A strong field of athletes from 9 nations competed in the US Sumo Open’s Las Vegas debut. Citizens from Brazil, Canada, Iran, Mongolia, Poland, Tajikistan, Tonga, the United Kingdom, and the USA all fought hard. Matches were fast-paced ans spectacular
A strong field of athletes from 9 nations competed in the US Sumo Open’s Las Vegas debut. Citizens from Brazil, Canada, Iran, Mongolia, Poland, Tajikistan, Tonga, the United Kingdom, and the USA all fought hard. Matches were fast-paced ans spectacular!
Among the athletes were three-time World Sumo Champion Byambajav Ulambayar (Mongolia) and current World Sumo Champion Sylwia Krzemien (Poland). Wojciech Poczta (also from Poland) is the current #3 in the world, too. Several current and former US Sumo Champions wrestled, as well, including perennial challengers, like Trent Sabo (former #3 in the world), Kena Heffernan, Kelly Gneiting, Natasha Ikejiri, and Natalie Burns.
Interesting note: Size-wise, the 6 female competitors were larger on average than the two dozen or so male competitors. The largest athlete was the UK’s Sharran Alexander (421 lbs), who out-sized the largest male, Kelly Gneiting (409 lbs).
WORLD CHAMPIONS BOTH UNDEFEATED
Not surprisingly, the two World Champions both swept their divisions, with perfect records of 9-0 and 6-0 respectively. Byamba won heavyweight and openweight on the men’s side, and Sylwia won both divisions among the women.
In the 5 years he has competed at the US Sumo Open, Byamba now holds a cumulative record of 49-1, i.e. a 98% winning percentage, against many national champions from around the world. He has accumulated 1 silver and 9 gold medals at the US Sumo Open, far exceeding anyone else over the years!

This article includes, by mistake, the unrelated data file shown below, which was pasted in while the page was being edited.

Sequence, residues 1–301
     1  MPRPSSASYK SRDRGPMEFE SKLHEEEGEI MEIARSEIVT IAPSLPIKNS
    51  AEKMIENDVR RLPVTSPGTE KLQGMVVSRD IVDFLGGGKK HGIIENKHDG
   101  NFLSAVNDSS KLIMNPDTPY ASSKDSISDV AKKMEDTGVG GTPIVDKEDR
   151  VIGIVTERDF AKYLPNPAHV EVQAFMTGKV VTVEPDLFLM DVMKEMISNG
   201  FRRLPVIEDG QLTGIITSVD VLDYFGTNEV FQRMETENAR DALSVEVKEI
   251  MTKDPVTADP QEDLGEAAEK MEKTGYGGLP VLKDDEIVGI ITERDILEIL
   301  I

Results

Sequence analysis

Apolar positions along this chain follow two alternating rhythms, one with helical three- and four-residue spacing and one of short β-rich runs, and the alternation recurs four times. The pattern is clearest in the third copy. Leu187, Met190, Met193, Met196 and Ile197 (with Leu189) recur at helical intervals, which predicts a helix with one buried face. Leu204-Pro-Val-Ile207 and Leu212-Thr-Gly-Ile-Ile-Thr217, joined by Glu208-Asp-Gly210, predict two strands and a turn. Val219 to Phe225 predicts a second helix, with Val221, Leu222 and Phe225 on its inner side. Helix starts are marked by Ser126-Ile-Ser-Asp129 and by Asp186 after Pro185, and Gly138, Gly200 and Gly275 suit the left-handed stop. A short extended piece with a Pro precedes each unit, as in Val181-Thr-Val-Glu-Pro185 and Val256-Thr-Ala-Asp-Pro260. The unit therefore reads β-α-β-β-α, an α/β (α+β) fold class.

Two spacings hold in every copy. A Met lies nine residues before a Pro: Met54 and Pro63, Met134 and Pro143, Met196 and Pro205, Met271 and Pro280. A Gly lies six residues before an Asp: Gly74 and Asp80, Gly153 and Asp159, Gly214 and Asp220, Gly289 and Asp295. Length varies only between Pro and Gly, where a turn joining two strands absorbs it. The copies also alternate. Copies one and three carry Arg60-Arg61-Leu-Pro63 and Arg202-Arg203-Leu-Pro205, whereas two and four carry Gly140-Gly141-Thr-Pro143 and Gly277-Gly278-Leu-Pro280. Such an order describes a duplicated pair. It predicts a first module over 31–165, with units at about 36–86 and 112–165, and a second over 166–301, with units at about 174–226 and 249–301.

MONGOLIAN OPENWEIGHT SWEEP
It was widely expected that Mongolian wrestlers would win medals, but the scope of their dominance was shocking. Though their numbers in each division were few, they captured HALF (6 of 12) of all the men’s medals, and 3 out of the 4 gold medals!
Of particular note was the way the Mongolians smashed through the Openweight division. Out of 15 entrants, there were 4 Mongolians who advanced to the quarter-finals. All 4 of these men were victorious in the quarter-finals, assuring an all-Mongolian sweep on the podium, since both semi-final matches were Mongol vs. Mongol.
Among these semi-finalists, it was expected that Byamba would blast through all his opponents, which he easily did. The other three semi-finalists, though, shocked everyone!
The lightest entrant, Bilegee (Erdenebileg Alagdaa), at 183 lbs defeated 338-lb Americus, to face the #3 middlweight competitor in the World – Wojciech of Poland (252 lbs) in the quarters. With incredible speed and maneuverability, Bilegee got Wojciech backpedaling, and achieved a stunning upset!
Similarly, 237-lb Chagnaa (Mongolia) came out of nowhere to defeat three-time US Sumo Champion and six-time US Sumo Open medallist, Kelly Gneiting (409 lbs). Chagnaa then faced the intimidating “Big Joe”(Siosifa), who had previously fought Byamba in the heavyweight finals. Somehow, Chagnaa took Big Joe down, as well.
Finally, Gombodorj, at only 215 lbs, tripped the absolutely dominant US middleweight champion, Kena Heffernan (250 lbs), who had won the gold medal in the middleweight earlier. Gombodorj then defeated perennial US lightweight champion, Trent Sabo, to advance to the semi-finals.
Congratulations to Mongolians of all sizes – Byamba (358 lbs), Bilegee (183 lbs), Chagnaa (237 lbs), and Gombodorj (215 lbs) – for the incredible show they put on, taking down all the giants and big names, to meet in the semi-finals and finals! Remarkably, the three eventual medalists represented all three weight classes: Byamba (heavy). Chagnaa (middle), and Bilegee (light), which proves that sumo is not only for the big men.
US MIDDLEWEIGHTS HELD THEIR OWN